The Ellingsworths testified that Charest never kicked, punched, or threw anything, or otherwise touched appellant before he came back with the knife.
Appellant stated that after he snatched the knife, he started back to the Ellingsworth trailer to scare Charest, and "pull a bluff" on him. It appears that appellant met Charest outside between the two trailers. Hallowell said he had no intention of making contact with the knife, but admitted on cross-examination that he knew the knife was a dangerous instrument.
Hallowell described the stabbing in this fashion:
"And as I made a swipe, it was not at full arm's length, I just went like that [indicating] so as to make him back down more, or scare him more, and he seemed to take a step forward with his arms up like this [indicating], and after I realized what happened I just stood there. I wanted to say I was sorry, but I couldn't say nothing." (Appellant's appendix 33)
On cross-examination appellant repeated that he took a swipe at the victim when they were very close together. The prosecutor said:
"One step. That knife must have been pretty close to him if that one step forward got the knife into him far enough to kill him.
A. I had no idea I was that close to him. I had no intention of being that close to him." (Appellant's appendix 46)
The prosecutor asked him why he wanted to back the victim down in the victim's own daughter's house.
"Q. Back him down in his own daughter's house?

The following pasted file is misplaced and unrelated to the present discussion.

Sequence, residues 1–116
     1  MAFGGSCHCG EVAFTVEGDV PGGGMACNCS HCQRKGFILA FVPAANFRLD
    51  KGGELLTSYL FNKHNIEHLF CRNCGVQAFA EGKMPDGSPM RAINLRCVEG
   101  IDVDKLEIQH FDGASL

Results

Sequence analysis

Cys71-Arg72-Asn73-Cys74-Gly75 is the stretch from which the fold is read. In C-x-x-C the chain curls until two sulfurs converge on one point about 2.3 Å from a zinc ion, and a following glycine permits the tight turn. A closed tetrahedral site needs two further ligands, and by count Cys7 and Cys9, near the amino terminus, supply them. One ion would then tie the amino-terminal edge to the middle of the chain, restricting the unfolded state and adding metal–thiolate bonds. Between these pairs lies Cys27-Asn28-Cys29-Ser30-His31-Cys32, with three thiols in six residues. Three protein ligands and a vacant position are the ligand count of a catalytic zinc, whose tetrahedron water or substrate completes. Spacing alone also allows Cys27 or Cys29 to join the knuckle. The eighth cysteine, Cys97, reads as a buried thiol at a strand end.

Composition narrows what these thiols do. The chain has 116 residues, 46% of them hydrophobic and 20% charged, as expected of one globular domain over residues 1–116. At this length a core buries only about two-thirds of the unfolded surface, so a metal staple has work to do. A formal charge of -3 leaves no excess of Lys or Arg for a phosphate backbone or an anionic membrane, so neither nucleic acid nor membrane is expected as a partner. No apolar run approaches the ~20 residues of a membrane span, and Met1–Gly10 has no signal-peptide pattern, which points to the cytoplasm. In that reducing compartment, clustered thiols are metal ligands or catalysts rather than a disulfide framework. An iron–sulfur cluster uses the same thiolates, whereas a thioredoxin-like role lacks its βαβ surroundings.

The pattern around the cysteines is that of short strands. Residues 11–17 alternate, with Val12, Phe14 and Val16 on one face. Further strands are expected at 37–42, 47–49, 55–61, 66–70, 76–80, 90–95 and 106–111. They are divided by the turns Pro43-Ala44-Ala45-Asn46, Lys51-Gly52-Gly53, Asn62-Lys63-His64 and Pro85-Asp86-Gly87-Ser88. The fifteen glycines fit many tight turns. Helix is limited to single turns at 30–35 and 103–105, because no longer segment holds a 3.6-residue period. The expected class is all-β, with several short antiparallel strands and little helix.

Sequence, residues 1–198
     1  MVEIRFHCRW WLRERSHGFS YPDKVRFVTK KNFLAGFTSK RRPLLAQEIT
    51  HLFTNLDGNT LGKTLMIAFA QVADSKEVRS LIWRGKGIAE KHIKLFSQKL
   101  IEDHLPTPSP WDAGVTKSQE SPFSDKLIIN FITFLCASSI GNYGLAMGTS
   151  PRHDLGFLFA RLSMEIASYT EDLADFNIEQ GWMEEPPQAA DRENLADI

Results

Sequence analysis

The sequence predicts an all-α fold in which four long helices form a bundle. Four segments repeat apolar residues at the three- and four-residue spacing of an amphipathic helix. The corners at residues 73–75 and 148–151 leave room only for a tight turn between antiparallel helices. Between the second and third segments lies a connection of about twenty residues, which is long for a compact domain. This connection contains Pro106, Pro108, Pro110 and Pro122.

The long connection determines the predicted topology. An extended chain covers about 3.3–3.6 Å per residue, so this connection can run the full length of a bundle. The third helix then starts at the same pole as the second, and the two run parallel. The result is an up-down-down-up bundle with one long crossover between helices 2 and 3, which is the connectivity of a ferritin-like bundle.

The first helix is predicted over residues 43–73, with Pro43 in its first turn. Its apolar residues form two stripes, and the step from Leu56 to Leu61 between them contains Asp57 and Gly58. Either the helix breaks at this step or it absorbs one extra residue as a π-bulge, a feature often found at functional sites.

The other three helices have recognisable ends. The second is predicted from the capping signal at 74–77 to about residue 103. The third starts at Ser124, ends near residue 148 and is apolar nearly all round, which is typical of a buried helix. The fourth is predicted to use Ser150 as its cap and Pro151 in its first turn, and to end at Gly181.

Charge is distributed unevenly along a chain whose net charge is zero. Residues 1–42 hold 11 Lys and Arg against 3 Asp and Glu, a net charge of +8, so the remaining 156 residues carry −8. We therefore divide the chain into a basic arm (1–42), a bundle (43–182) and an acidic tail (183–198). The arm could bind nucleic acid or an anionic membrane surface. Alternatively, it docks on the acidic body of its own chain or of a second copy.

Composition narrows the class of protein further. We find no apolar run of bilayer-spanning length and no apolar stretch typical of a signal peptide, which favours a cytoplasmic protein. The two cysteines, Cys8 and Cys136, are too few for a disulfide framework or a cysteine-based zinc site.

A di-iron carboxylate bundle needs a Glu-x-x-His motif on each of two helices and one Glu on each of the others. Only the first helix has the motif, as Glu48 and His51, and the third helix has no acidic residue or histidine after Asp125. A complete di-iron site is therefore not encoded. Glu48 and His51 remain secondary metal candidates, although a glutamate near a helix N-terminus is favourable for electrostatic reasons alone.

A. Well, just make him go off to the side, because I didn't want to fight any more.
Q. If you didn't want to fight any more, Mr. Hallowell, why didn't you go back in your trailer and shut the door?
A. I don't know, sir." (Appendix 45-46)
Charest later died from the stab wound.
After appellant stabbed Charest, he apparently reentered the Ellingsworth trailer. Fred Ellingsworth ordered him out at gun point. Hallowell returned to his trailer, washed the blood off the knife, called his attorney, and awaited the arrival of the police. He testified that he had been drinking earlier at the American Legion Hall, but denied being intoxicated. The District Court found that there was nothing in the record to indicate that he was unable to perceive events or otherwise failed to understand the nature of his acts.
The jury returned a verdict of second-degree murder, and the judge sentenced Hallowell to life imprisonment.
Hallowell appealed his conviction to the Delaware Supreme Court, which rejected his claim that the trial court's refusal to charge the jury on involuntary manslaughter was error. Normally jury instructions in State trials are matters of State law. United States ex rel. Stanbridge v. Zelker, 514 F.2d 45, 50 (2d Cir. 1975), cert. denied, 423 U.S. 872, 46 L. Ed. 2d 102, 96 S. Ct. 138 (1975). However, they are reviewable by a federal court on collateral attack where the instruction violates specific federal constitutional standards imposed on the States through the due process clause of the Fourteenth Amendment. Cupp v. Naughten, 414 U.S. 141, 146, 38 L. Ed. 2d 368, 94 S. Ct. 396 (1973). On collateral ...